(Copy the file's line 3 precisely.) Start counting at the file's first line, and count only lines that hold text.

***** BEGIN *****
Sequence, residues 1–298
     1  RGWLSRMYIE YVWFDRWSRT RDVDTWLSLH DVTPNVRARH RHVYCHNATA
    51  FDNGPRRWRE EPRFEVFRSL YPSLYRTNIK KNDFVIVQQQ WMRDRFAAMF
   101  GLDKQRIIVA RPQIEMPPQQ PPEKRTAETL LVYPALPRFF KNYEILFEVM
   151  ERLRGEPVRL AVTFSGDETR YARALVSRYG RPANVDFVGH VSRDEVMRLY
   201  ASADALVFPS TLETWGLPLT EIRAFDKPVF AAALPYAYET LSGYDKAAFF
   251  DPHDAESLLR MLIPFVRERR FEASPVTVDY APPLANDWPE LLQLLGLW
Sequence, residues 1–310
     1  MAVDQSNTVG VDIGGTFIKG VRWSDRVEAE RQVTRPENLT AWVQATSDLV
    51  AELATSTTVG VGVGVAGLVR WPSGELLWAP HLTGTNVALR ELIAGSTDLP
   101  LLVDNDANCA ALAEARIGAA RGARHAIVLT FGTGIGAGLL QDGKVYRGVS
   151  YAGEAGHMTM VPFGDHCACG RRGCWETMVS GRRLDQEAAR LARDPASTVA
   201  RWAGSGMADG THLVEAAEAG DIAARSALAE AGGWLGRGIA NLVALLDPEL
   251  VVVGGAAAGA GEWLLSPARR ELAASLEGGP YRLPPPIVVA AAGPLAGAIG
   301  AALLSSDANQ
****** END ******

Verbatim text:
    51  FDNGPRRWRE EPRFEVFRSL YPSLYRTNIK KNDFVIVQQQ WMRDRFAAMF